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Game Over: When Technology Takes Over Quality Time

Boy on laptop

‚Äč‚ÄčThis information is included in our Guide to Parenting in the Digital Age. Click here to see the rest of the guide.

A family vacation is right around the corner, and Mom and Dad are excited about what they have planned: staying in a lakeside cabin, fishing, spending time on a boat and experiencing nature first-hand. When they arrive at their destination, their 15-year-old son has plans of his own - he's brought his video game player with him on the trip.

The teen refuses to go fishing and spends most of his vacation inside playing video games. His parents are disappointed but don't know how to handle the situation.

This story reminds us that just as parents teach kids, kids teach parents. This particular child taught his parents that playing video games was a higher priority for him than their vacation plans. He drew the line and didn't allow them to cross it. For the entire trip, what he wanted to do trumped what his parents wanted to do.

Issues like these are familiar to many families. On average, kids spend 35-40 hours a week with TV, movies, video and computer games, and DVDs. Some of these distractions can isolate them and immerse them in dangerous behaviors like sex, violence and materialism. But video games and TV are not surrogates for a parent, and you must act as a parent to control the content and the amount of media used by your child by:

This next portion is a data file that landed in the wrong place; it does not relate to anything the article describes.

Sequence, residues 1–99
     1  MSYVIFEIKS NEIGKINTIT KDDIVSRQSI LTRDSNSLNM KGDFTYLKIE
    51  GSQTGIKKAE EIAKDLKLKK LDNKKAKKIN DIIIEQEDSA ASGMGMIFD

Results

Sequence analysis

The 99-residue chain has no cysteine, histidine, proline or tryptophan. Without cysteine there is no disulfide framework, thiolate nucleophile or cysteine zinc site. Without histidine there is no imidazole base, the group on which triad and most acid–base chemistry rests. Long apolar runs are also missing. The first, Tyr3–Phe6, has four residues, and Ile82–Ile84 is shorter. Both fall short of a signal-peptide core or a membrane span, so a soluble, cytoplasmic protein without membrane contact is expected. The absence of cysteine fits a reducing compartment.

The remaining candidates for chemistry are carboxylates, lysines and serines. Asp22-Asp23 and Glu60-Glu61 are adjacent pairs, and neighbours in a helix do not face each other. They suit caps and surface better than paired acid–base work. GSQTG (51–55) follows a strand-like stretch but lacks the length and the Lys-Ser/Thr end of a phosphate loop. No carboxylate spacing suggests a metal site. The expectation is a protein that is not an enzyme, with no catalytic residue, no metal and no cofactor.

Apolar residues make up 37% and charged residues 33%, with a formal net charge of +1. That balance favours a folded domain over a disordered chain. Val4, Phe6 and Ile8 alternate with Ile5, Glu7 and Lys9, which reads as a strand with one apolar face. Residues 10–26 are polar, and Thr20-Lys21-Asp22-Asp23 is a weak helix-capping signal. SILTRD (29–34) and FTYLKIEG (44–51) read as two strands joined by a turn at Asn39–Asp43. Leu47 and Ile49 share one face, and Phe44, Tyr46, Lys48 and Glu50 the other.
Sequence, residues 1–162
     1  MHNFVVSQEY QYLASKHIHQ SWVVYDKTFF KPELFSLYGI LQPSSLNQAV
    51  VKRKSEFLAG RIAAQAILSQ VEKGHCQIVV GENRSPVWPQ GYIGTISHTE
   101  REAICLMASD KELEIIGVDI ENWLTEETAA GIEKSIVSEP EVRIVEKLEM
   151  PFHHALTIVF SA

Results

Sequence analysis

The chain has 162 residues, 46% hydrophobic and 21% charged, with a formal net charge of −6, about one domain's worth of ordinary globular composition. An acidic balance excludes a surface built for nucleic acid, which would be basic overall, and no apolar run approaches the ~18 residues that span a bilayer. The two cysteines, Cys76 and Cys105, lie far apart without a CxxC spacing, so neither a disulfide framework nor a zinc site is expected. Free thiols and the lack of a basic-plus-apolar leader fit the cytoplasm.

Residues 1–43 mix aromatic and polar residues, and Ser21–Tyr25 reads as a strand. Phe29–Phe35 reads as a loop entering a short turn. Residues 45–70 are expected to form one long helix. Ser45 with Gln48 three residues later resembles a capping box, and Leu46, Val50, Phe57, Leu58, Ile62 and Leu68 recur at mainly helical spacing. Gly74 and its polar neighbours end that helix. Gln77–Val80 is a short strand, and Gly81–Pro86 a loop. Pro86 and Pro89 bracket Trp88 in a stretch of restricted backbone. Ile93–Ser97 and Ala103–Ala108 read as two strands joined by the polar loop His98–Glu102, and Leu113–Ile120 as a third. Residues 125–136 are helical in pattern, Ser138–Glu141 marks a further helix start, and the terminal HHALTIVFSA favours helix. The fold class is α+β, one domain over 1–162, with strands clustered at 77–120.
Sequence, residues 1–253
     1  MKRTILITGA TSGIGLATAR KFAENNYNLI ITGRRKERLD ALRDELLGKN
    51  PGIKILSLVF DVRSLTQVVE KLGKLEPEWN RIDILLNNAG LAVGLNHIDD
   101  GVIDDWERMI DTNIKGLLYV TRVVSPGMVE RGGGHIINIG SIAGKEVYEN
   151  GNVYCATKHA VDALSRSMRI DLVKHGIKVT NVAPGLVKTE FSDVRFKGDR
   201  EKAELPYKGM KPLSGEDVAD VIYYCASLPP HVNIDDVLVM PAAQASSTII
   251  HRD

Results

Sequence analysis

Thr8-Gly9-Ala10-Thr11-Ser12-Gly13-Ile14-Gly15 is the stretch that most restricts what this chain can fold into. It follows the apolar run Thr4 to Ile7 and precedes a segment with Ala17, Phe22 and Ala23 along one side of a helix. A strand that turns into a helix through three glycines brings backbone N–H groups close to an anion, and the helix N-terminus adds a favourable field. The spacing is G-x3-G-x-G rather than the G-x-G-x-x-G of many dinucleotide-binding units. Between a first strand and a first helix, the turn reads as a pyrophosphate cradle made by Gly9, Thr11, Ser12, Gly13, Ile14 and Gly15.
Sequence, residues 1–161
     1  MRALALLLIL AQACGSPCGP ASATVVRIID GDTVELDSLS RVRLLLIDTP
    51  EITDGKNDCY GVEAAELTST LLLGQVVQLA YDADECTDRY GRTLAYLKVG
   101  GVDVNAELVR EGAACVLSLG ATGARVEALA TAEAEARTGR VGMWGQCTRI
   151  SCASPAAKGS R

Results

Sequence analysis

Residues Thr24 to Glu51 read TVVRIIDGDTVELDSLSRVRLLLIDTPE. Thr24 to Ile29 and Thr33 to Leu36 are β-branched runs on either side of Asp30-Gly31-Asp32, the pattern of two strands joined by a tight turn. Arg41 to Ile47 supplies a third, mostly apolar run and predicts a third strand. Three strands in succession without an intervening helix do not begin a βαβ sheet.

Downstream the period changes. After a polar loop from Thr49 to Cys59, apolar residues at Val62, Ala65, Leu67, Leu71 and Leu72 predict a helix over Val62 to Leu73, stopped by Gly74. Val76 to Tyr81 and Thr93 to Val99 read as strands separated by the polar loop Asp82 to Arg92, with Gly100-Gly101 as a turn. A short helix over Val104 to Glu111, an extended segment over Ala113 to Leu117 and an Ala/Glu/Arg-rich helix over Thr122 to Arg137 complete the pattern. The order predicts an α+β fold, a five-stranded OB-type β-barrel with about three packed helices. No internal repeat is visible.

• Making sure you really know what your child is reading, listening to and watching.
  • Setting clear media viewing rules for your child. 
  • Using available technology to block objectionable media from entering your home. 
  • Helping your child be media aware, and explaining media content so he or she understands it.  
  • Encouraging him or her to enjoy healthy entertainment and activity alternatives.

Although you can't control the larger cultural environment, you can create an "oasis" for your children in your own home. Television sets, iPods, DVD players and computers all come with "off" buttons. Don't be afraid to push them! Turn down the volume of pop culture by creating quiet zones and quiet times in your home where family members have time to read, play, think and talk to each other. This will encourage your kids to develop other resources and skills so they don't have to depend entirely on the media to be entertained.

From: Who's Raising Your Child?, by Laura J. Buddenberg and Kathleen M. McGee